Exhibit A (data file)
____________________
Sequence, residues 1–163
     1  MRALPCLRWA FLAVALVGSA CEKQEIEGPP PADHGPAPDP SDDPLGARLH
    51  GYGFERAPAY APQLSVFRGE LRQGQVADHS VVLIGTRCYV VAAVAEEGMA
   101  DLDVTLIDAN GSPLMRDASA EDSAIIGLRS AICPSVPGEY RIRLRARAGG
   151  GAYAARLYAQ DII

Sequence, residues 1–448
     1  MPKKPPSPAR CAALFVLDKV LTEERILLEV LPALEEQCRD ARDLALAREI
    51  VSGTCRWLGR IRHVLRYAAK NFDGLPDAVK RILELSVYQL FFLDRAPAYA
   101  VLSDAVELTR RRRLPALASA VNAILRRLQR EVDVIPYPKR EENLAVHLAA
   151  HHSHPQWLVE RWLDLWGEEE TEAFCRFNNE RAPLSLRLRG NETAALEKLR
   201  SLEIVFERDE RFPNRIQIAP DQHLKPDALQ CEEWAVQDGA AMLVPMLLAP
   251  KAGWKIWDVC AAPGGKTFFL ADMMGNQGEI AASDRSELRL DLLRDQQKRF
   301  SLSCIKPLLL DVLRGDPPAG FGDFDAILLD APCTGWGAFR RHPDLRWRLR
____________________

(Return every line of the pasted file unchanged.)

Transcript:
Sequence, residues 1–163
     1  MRALPCLRWA FLAVALVGSA CEKQEIEGPP PADHGPAPDP SDDPLGARLH
    51  GYGFERAPAY APQLSVFRGE LRQGQVADHS VVLIGTRCYV VAAVAEEGMA
   101  DLDVTLIDAN GSPLMRDASA EDSAIIGLRS AICPSVPGEY RIRLRARAGG
   151  GAYAARLYAQ DII

Sequence, residues 1–448
     1  MPKKPPSPAR CAALFVLDKV LTEERILLEV LPALEEQCRD ARDLALAREI
    51  VSGTCRWLGR IRHVLRYAAK NFDGLPDAVK RILELSVYQL FFLDRAPAYA
   101  VLSDAVELTR RRRLPALASA VNAILRRLQR EVDVIPYPKR EENLAVHLAA
   151  HHSHPQWLVE RWLDLWGEEE TEAFCRFNNE RAPLSLRLRG NETAALEKLR
   201  SLEIVFERDE RFPNRIQIAP DQHLKPDALQ CEEWAVQDGA AMLVPMLLAP
   251  KAGWKIWDVC AAPGGKTFFL ADMMGNQGEI AASDRSELRL DLLRDQQKRF
   301  SLSCIKPLLL DVLRGDPPAG FGDFDAILLD APCTGWGAFR RHPDLRWRLR